In Genesis, Day Four describes the appearance of the sun and moon, with stars for "signs and seasons." In my hypothesis, this event occurred during the Cambrian explosion when a squid-like creature looked up through its remarkable eye and saw the skies. Octopi are fantastically intelligent--but have tragically short life-spans.  For one reason or another, the first octopus observer was also the last--and since then, octopi have been bait for faster predators.

Day Five of Genesis says the oceans swarmed with fish and the skies with birds. Parrots are as intelligent, in their way, as any other animal. An African Grey  parrot named Alex was able to count, do simple arithmetic, and use words in context. In my hypothesis, birds arose before the therapsid dinosaurs, which are their simple-minded, warm-blooded descendants.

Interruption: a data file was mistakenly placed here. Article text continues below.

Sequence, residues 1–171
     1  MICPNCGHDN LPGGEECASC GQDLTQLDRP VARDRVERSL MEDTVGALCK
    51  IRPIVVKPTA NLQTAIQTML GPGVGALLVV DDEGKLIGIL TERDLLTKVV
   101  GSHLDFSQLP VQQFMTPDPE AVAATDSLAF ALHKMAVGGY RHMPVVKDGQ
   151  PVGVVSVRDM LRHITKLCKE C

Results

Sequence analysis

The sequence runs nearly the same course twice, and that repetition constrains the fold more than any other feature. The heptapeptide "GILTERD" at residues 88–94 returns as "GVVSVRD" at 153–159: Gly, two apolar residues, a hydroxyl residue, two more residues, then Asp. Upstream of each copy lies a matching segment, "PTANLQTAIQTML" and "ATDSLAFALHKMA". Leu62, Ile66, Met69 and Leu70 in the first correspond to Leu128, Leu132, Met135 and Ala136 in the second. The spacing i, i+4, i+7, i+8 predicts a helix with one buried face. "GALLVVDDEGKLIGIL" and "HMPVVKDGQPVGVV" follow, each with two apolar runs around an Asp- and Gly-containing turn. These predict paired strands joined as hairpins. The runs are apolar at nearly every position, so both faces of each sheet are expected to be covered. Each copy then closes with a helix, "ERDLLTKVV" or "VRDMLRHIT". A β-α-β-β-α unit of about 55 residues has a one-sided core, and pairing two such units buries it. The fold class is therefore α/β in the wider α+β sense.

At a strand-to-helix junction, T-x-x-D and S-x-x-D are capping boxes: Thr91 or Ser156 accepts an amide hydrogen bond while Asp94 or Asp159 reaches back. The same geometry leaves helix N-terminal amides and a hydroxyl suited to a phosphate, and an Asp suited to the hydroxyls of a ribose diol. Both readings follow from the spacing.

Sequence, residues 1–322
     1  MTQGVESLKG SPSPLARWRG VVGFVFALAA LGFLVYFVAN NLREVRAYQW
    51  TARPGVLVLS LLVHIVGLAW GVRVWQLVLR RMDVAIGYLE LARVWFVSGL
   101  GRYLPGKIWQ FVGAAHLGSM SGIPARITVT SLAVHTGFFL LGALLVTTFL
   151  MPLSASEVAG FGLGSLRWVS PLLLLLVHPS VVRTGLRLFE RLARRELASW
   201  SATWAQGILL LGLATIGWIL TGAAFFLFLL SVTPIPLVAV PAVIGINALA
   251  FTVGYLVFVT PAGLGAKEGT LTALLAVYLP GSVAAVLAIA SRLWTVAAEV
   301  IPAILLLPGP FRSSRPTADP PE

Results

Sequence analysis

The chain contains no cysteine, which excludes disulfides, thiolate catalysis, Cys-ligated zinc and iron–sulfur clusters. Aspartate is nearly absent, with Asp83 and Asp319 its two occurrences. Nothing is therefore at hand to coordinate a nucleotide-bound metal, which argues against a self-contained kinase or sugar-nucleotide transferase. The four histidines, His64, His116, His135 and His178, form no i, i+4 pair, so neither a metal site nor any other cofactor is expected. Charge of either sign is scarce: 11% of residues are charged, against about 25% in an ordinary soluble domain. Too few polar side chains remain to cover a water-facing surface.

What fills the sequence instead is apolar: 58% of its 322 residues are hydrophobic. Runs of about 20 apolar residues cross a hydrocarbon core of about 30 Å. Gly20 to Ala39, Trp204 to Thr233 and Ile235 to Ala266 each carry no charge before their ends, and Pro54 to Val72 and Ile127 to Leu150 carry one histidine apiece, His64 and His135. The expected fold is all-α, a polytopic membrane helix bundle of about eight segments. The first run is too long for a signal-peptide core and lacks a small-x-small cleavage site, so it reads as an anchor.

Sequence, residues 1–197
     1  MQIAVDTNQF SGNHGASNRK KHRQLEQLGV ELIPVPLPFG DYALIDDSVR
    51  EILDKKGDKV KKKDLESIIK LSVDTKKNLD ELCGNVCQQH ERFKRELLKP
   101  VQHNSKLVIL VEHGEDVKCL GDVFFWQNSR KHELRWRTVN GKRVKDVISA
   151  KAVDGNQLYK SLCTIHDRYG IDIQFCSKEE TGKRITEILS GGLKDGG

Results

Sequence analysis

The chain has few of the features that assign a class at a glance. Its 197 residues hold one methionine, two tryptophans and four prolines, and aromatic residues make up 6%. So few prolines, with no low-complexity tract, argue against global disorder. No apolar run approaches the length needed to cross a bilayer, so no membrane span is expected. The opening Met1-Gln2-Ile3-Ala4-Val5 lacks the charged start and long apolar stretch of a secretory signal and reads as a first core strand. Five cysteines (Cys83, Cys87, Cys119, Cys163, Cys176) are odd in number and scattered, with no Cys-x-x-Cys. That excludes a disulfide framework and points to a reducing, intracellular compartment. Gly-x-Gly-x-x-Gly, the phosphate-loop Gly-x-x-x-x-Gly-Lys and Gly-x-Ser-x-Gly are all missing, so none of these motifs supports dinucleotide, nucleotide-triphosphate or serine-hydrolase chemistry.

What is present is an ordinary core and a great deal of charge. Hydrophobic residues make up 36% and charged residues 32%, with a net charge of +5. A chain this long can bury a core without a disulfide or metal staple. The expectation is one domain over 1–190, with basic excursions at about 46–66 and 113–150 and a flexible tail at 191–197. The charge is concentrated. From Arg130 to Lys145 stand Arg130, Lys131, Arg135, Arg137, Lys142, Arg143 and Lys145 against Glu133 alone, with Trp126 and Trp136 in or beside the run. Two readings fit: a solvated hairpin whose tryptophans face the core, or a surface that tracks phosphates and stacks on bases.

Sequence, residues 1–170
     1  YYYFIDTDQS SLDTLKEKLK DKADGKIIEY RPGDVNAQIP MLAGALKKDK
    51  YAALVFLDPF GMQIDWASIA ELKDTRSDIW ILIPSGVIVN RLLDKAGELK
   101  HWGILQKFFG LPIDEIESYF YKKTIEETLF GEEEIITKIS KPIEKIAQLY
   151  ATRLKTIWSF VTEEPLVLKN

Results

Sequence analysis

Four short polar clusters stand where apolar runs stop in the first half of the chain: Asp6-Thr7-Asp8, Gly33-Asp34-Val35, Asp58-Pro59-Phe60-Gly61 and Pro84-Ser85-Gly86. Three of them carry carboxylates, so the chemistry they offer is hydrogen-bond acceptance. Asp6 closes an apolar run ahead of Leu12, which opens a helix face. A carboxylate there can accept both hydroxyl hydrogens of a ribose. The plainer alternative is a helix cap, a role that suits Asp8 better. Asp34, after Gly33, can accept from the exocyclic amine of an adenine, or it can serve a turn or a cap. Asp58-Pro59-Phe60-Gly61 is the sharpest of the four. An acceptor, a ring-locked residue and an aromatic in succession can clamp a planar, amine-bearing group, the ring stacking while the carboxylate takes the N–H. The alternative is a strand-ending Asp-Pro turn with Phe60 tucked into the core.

On Day Six, humans and other land animals arose. I picture a set of footsteps across a sandy beach of the Black Sea punctuated by an instant in which a hominid became a human. I'll skip the scene where a human and a "serpent" and a fruit tree come together--that's religion, or history, or both--in order to explain why all this is science.

Testing the Punctuated Participatory Anthropic Hypothesis

Science can be tested by experimental means. Other ideas, no matter how closely associated they may be with scientific knowledge, are philosophy (or theology), not science. Thus, the claim that the universe consists exclusively of space, time, matter, and energy is a philosophical statement, not a scientific statement--because it cannot be put to a scientific test.